Bangalore is the place where my father nurtured a dream many years ago, she is the place where I learnt to walk but she no more holds my hand, she silently watches me struggle to get to the other side each time I try to wade through like a lost egret. A new wave of restlessness engulfs me as a balloon of black smoke chokes me and pushes me back to the same spot. I wonder why I am unable to take this trodden path that I have walked all my life. How and when did I drift into this muddle of madness without my knowledge?
Back then I grew up in an isolated patch of greenery amidst a thick groove of guava trees, which was regarded as the outskirts of the city, with not many houses around. The only thing I saw in abundance was the open stretch of fields laden with shady trees that nestled rare birds and plants with exotic flowers that drew many butterflies. This atmosphere made me fall in love with her.
A deep crater lay a few feet away from my house where many trees peeped out at me as if I were a stranger. It was also home to many frogs that croaked their heart’s content, the sound echoing in the wilderness through the breeze all night. As a little kid I shuddered at the thought of going anywhere near it, fearing that one slip and I would fall deep into it never to come out again. But each time the cattle walked precariously on those steep slopes, I was amazed at how they disappeared into and reappeared from it. The huge crater and all its mysteries were some kind of a big bang theory to me then.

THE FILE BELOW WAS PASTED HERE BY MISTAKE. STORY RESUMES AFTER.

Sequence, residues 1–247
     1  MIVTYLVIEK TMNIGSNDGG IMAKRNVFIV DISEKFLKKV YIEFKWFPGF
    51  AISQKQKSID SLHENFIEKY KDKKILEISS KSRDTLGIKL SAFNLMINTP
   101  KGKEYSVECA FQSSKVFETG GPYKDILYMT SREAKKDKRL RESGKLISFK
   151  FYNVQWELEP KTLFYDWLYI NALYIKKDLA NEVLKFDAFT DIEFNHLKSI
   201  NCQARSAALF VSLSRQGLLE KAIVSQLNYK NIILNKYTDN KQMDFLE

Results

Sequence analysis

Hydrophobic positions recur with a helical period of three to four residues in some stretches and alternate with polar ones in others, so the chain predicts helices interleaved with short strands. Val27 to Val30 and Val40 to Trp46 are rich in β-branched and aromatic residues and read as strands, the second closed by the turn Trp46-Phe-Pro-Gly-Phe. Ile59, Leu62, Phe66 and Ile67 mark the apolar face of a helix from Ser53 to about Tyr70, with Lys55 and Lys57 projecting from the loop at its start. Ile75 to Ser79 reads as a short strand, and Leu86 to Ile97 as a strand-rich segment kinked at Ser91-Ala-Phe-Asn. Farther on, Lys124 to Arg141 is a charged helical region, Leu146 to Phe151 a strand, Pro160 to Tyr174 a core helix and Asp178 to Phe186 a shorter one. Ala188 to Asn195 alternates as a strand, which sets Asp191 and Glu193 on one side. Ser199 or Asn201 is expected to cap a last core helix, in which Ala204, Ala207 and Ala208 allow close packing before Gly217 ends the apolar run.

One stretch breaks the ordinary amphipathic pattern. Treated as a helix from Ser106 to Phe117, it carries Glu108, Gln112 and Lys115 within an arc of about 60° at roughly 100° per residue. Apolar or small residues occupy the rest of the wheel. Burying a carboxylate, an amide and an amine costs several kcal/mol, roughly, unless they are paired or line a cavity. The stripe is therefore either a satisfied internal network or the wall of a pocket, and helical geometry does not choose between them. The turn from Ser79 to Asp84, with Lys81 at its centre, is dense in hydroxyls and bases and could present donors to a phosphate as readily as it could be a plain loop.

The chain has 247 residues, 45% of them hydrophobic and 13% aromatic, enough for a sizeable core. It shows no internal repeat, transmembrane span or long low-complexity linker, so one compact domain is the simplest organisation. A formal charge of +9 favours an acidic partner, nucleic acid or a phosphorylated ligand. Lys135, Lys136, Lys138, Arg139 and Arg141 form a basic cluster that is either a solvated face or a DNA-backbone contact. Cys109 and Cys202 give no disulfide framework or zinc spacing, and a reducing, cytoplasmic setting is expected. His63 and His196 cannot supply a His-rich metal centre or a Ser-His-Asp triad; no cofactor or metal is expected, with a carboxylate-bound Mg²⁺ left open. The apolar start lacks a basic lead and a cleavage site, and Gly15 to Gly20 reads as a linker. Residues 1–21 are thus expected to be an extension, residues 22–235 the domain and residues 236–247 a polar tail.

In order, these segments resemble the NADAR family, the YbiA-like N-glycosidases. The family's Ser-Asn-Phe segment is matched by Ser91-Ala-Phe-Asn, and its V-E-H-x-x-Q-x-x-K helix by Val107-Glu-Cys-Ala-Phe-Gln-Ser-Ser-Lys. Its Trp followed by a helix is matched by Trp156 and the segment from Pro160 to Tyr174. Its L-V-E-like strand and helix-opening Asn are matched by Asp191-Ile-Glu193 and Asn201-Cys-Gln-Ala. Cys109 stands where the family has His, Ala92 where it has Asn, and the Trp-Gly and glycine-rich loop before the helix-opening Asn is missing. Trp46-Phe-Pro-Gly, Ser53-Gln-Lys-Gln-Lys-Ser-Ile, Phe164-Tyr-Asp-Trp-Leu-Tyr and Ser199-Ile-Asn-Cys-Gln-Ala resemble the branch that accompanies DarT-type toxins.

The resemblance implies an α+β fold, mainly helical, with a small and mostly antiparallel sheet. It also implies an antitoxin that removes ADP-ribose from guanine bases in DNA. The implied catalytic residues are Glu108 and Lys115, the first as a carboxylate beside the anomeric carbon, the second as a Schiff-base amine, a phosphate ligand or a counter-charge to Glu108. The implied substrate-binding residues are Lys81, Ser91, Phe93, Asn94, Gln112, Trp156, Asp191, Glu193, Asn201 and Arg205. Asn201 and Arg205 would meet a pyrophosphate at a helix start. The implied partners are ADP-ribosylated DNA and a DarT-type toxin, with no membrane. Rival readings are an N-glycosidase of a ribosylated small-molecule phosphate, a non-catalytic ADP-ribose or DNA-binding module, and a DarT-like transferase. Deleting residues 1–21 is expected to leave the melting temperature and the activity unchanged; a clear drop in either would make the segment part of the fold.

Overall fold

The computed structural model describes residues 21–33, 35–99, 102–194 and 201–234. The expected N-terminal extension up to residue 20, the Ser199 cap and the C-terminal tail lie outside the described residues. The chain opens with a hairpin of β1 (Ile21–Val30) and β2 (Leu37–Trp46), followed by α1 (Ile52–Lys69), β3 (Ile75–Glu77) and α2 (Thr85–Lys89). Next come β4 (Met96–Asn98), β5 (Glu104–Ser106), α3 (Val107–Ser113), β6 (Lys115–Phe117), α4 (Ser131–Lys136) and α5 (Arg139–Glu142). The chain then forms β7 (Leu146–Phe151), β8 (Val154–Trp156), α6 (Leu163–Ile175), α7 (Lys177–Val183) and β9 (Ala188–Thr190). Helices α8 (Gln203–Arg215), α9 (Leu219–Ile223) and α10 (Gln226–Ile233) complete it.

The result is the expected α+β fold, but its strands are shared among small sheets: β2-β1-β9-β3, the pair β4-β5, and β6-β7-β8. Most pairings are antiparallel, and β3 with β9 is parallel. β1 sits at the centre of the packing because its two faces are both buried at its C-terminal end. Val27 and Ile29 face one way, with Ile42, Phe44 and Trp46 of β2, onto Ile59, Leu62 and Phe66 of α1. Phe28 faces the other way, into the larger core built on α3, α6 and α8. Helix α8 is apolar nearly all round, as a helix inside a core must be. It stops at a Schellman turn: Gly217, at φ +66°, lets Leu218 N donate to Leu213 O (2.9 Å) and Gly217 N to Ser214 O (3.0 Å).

Grass-covered paths cut across by muddy lanes with tell-tale footprints and bicycle tyre marks led my way to the nearest shop. There was a serene calm often interrupted by the shrill call of Thammaiah — our vegetable vendor — who usually stacked fresh greens along with heaps of tender cucumbers on his bamboo basket that was a permanent accessory to his second-hand Atlas bicycle. ‘Five bunches for five rupees, Amma,’ he would say.